After three years of collaboration and research, efforts to create more options of independence for Hoosiers who face the confines of a guardianship have come to fruition. Those new options include legal recognition of supported decision making.
An inmate lawsuit filed against New Castle Correctional Facility seemingly marks the first time a judge has ruled that a private prison operator can be liable for human trafficking in a punitive setting.
Tangram, a nonprofit in Indianapolis that provides support for individuals with disabilities, joined forces in 2016 with Indiana Legal Services to launch the Providing Legal Assistance to Individuals with Disabilities initiative. PLAID assistance has since improved the lives of hundreds of clients statewide.
Employment law and sexual harassment attorneys say the law provides answers for when conduct crosses the line from objectionable to actionable, though sometimes those answers can be hard to prove. That’s why they say it’s important from both an employer and employee perspective to take steps to protect yourself from ending up in a compromising situation.
Thomas Wheeler II, a partner at Frost Brown Todd LLC in Indianapolis, served as acting assistant attorney general for the division after President Donald Trump was sworn in Jan. 20. He recently returned to private practice.
A 7th Circuit Court of Appeals panel affirmed the denial of a black student’s discrimination suit against Indiana University, finding no abuse of discretion in resolving discovery disputes regarding her classmate’s demographics.
The Supreme Court is throwing out an Oregon court ruling against bakers who refused to make a wedding cake for a same-sex couple. The justices’ action Monday keeps the high-profile case off the court’s election-year calendar and orders state judges to take a new look at the dispute between the lesbian couple and the owners of a now-closed bakery in the Portland area.
A northern Indiana judge has ruled that a former South Bend councilman did not defame four police officers targeted in a long-running wiretapping case when he sought a federal probe of potential racial bias in the police department.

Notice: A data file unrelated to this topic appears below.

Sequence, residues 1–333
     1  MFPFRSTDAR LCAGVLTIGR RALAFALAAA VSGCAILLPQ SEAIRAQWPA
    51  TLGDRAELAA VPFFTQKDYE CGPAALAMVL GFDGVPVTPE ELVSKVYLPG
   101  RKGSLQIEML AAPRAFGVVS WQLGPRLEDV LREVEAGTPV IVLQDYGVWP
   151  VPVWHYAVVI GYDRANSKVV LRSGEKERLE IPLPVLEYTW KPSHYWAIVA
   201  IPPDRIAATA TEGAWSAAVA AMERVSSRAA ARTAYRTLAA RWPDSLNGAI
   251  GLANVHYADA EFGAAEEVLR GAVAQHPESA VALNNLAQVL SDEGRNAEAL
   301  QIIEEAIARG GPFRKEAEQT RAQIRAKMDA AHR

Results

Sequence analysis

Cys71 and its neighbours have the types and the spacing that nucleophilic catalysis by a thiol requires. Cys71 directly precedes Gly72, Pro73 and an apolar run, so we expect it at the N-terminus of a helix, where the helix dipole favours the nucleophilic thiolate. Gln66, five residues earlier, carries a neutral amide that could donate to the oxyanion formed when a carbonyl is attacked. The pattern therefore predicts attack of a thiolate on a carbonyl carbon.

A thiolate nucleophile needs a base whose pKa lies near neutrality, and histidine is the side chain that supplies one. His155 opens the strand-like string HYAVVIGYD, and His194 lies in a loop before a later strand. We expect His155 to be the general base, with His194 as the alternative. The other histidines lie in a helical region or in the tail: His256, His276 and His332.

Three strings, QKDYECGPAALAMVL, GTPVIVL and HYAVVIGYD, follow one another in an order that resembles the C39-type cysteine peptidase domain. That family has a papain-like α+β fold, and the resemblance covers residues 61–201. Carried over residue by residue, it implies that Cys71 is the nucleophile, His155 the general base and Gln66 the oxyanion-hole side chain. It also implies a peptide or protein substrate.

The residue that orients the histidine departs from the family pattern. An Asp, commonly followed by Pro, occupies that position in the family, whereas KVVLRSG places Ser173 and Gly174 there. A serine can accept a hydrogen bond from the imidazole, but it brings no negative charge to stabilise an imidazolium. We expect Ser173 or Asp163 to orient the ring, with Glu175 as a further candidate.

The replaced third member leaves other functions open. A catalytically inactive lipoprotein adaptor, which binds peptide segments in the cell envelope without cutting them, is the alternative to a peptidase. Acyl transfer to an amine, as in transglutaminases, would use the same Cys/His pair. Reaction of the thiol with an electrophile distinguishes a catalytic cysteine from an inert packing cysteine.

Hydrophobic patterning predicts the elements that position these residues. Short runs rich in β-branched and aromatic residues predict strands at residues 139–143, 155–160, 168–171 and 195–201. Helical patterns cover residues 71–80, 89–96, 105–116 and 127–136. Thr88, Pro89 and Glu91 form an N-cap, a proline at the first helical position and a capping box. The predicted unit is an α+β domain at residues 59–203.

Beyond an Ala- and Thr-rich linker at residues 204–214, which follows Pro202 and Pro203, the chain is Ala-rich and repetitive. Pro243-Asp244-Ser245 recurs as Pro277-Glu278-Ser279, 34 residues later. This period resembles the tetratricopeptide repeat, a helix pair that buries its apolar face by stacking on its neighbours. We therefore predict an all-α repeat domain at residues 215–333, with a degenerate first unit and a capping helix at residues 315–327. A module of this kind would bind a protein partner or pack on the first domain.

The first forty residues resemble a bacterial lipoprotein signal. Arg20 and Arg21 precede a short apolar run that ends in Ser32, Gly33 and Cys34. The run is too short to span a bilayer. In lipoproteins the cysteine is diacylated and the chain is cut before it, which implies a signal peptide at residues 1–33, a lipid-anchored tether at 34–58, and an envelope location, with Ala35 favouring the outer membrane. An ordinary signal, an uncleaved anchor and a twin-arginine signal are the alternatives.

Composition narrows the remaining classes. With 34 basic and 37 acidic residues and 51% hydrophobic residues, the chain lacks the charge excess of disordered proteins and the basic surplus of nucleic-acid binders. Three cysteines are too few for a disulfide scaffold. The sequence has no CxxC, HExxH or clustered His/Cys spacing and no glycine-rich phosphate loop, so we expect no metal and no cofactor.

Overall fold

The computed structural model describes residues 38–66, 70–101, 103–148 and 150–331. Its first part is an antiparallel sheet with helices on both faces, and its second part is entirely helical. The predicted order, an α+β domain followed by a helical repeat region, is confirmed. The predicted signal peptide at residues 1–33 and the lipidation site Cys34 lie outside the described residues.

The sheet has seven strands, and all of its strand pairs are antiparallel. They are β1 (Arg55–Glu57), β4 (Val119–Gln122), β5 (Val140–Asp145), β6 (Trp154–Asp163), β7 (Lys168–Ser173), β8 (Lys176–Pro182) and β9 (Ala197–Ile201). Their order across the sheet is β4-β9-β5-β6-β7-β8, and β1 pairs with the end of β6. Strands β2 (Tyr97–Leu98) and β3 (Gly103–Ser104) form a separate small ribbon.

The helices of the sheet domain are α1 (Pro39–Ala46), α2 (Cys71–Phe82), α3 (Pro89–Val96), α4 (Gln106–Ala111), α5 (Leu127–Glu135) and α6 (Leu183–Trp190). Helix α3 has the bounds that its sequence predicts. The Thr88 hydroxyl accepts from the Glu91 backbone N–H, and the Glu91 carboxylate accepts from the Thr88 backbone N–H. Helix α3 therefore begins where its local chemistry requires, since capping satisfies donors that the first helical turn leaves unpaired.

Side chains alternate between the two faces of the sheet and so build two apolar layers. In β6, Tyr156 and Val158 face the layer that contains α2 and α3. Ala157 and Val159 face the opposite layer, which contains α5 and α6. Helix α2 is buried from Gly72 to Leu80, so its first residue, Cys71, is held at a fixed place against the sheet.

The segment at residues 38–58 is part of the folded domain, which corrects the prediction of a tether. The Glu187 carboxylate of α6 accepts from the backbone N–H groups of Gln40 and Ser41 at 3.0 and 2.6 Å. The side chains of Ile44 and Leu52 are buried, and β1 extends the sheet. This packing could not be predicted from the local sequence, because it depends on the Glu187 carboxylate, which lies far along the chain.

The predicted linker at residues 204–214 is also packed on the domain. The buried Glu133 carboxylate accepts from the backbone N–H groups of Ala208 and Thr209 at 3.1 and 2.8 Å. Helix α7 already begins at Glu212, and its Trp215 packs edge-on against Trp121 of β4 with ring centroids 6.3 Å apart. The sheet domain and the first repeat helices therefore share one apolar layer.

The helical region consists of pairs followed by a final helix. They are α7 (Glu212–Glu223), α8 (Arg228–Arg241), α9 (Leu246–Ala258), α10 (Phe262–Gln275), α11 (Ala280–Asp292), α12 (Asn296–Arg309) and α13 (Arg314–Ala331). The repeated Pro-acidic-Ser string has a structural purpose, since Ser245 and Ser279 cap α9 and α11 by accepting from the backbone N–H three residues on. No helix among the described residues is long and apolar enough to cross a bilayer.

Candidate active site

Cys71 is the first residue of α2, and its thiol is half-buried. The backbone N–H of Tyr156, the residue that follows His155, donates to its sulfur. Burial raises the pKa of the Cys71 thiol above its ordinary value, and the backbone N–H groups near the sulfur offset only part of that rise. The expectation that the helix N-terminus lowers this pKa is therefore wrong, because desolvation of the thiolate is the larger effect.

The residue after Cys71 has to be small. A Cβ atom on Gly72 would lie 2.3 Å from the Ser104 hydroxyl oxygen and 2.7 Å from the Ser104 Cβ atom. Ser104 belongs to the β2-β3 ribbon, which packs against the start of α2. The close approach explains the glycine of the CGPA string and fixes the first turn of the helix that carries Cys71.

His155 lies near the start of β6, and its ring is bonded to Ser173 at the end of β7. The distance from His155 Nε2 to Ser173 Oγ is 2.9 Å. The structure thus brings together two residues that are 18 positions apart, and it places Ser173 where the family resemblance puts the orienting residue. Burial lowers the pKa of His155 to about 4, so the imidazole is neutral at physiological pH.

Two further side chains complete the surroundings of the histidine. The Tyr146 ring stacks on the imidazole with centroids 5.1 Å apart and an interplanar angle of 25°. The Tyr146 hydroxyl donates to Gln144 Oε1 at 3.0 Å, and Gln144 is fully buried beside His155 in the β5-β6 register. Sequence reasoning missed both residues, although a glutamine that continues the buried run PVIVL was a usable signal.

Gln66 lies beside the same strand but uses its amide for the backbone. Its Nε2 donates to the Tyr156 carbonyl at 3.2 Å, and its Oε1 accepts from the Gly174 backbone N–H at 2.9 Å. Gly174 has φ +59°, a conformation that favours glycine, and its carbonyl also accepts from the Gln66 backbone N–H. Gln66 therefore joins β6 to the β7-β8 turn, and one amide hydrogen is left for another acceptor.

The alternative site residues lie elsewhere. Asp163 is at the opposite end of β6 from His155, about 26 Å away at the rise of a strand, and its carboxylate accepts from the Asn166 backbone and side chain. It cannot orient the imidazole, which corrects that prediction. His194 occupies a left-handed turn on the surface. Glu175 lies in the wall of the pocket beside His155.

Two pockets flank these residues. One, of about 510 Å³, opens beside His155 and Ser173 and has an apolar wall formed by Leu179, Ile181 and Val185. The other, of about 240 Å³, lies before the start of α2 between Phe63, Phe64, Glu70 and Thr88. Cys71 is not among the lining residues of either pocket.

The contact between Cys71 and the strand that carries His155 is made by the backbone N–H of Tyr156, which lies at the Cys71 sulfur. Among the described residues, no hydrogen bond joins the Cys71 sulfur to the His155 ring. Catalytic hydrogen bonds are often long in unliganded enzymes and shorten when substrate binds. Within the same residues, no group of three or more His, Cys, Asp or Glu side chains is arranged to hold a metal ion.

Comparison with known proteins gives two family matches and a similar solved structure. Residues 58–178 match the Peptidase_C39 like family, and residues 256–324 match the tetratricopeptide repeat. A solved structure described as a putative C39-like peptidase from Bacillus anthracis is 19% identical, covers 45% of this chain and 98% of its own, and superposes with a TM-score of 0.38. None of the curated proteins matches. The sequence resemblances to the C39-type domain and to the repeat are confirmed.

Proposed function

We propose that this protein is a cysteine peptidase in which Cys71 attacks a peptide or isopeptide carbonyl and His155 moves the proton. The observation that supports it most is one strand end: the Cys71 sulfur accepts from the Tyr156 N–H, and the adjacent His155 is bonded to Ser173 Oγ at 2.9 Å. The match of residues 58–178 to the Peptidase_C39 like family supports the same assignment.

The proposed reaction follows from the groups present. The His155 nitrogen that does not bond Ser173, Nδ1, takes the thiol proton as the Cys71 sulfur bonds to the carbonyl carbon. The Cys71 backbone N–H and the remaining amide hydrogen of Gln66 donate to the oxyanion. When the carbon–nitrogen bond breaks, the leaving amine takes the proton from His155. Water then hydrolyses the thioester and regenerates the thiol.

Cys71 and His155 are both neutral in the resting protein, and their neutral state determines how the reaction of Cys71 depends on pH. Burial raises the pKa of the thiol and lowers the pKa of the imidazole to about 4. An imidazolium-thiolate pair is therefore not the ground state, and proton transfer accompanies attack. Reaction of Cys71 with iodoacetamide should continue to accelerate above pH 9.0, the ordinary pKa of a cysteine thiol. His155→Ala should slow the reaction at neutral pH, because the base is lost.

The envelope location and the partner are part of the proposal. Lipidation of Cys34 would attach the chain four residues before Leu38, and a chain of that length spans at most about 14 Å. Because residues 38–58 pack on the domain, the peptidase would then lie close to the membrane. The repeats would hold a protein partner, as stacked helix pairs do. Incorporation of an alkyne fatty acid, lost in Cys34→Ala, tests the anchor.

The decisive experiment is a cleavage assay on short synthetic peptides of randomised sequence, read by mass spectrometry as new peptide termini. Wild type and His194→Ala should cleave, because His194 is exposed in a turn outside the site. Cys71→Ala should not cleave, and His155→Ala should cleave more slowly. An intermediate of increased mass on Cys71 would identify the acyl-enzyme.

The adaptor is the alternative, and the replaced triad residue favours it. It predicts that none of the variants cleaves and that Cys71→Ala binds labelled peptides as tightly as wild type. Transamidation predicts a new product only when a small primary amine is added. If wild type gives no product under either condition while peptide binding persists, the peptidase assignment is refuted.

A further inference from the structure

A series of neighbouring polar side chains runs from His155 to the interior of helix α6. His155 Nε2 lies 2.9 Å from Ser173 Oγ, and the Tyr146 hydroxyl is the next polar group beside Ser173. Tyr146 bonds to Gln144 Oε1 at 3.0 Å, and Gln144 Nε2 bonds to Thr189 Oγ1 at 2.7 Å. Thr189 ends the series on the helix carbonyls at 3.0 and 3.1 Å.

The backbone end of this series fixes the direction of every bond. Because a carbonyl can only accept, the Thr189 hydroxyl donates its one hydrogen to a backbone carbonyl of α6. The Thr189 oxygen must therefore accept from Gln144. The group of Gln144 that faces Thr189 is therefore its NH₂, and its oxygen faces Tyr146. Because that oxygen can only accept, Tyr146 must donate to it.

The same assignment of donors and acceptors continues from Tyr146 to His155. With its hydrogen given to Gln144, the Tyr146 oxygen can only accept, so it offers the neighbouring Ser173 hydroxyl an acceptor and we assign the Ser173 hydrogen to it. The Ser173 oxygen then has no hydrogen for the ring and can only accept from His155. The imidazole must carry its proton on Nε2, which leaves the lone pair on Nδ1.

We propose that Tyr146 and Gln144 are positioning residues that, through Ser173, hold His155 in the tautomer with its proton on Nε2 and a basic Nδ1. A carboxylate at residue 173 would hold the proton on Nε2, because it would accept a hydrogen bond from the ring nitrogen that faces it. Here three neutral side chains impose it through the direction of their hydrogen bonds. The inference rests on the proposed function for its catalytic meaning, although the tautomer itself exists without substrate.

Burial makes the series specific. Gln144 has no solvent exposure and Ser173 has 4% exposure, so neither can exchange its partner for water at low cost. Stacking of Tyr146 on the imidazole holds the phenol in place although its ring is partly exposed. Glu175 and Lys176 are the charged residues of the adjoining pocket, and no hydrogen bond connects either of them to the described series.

An Amish couple with 13 children settled a lawsuit that accused federal officials of violating their constitutional rights by insisting they provide photographs of themselves before the Canadian wife’s request to become a permanent U.S. resident can be approved.
While Indiana justices recently stressed the great public importance of proper adjudication of soaring mental health filings, states across the country are dealing with rising caseloads in no uniform way.
Common Cause Indiana and a group of registered voters in St. Joseph County are challenging the process Indiana uses to validate absentee ballots, calling it constitutionally flawed and asking a federal court to prohibit the state from rejecting absentee ballots based solely on perceived signature mismatches.
The 7th Circuit Court of Appeals declined to end an excessive force lawsuit against a Fort Wayne police officer, finding a review of the video of the shooting and arrest does not “utterly discredit” the plaintiff’s contentions that he was shot while trying to comply or did not have to respond to the officer’s commands.
Indiana Supreme Court justices split over whether to grant transfer in two civil commitment order cases last week but granted transfer in two similar cases in a per curiam opinion that disapproved of a Marion County judge’s practice of permitting a presiding commissioner to sign the orders in his place.